Educators can advocate for their students by promoting interest driven curriculum with interdisciplinary focus.   We can deliver the interest driven curriculum in MakerSpace, where we work in collaboration with other classroom teachers to meet the prescribed learning outcomes and create meaningful projects for the students.  Leading by example and working in collaboration will also lead to coaching and mentorship. We can involve parents and the community in the creation of MakerSpace so that they are a part of their children’s learning process.  Classroom can be turned into a MakerSpace where students will be learning through Science, Technology, Engineering, Art and Math (STEAM) education.  MakerSpace can link the prescribed learning outcomes from across different subject areas and facilitate in creating projects that students would be interested in.  By looking at students as “collaborators in the design and evaluation of their learning” (Zmuda, 2015, p.143), we will be able to design lessons that let students investigate, perform and something that could benefit the community and address the global context of our society.  George Jay Elementary has a very diverse student population and therefore personalized learning becomes essential.  We need to prepare our students for the unknown future and “to compete in a global marketplace, students must be trained to think, problem solve, imagine, and collaborate in the creation and use of new knowledge” (Zmuda, 2015, p.138).  Designing a curriculum with students to incorporate personal experience, multiple subjects can create meaningful and personalized learning for students.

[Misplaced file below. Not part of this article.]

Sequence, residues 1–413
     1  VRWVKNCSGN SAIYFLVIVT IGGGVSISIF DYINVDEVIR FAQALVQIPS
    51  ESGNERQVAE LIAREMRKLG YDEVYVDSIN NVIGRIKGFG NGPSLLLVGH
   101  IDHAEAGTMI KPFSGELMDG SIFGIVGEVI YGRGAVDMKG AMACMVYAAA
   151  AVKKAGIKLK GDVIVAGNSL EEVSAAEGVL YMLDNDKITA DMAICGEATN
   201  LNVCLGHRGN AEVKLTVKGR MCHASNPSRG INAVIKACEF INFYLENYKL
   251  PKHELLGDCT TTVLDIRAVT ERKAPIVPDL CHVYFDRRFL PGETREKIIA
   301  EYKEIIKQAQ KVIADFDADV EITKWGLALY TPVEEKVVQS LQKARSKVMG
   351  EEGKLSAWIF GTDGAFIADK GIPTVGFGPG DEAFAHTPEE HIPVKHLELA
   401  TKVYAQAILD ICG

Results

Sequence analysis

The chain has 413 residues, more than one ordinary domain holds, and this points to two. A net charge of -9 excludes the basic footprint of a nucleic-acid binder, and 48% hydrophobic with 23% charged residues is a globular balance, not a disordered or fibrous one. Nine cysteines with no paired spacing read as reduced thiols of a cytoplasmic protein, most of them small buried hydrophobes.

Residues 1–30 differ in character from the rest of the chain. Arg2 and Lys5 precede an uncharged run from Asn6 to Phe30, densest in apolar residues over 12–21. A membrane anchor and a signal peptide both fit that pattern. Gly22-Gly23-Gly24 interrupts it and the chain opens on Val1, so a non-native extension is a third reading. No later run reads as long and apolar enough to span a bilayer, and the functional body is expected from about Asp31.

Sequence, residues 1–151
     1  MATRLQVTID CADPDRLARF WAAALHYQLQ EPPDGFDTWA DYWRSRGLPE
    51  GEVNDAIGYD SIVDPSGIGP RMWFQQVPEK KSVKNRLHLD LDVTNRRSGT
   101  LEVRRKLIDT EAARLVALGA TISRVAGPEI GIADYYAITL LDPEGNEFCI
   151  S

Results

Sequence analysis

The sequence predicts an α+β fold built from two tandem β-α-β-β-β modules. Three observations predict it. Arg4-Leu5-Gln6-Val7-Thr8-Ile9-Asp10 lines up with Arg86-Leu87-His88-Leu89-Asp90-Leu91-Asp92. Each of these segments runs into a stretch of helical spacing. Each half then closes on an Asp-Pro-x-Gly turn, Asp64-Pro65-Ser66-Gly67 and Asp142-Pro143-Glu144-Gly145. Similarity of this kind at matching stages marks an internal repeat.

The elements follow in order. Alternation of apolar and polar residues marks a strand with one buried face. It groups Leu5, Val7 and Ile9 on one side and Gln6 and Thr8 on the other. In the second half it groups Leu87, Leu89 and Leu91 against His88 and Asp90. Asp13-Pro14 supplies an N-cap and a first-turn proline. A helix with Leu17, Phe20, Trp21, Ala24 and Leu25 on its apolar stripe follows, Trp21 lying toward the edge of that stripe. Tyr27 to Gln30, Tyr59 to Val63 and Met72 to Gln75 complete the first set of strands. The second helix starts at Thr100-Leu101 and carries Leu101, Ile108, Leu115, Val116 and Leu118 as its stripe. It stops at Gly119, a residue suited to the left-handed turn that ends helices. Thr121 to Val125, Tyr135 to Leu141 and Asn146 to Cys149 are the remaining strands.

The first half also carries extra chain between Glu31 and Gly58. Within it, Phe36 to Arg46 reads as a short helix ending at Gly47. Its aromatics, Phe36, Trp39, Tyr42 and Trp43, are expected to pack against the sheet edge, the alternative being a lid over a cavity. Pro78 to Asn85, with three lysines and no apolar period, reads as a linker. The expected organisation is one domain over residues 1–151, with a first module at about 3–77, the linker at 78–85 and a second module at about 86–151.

Reference

Neff, L S. (n.d.). Lev Vygotsky and social learning theories. Retrieved from http://jan.ucc.nau.edu/lsn/educator/edtech/learningtheorieswebsite/vygotsky.htm

Tools of the Mind. (n. d.). Vygotskian approach: Lev Vygotsky. Retrieved from http://www.toolsofthemind.org/philosophy/vygotskian-approach/

Zmuda, A. (2015). Personalized Learning. In A. Blankstein & P. Noguera (Eds.),      Excellence through equity (pp. 135-154). Thousand Oaks, CA: Corwin.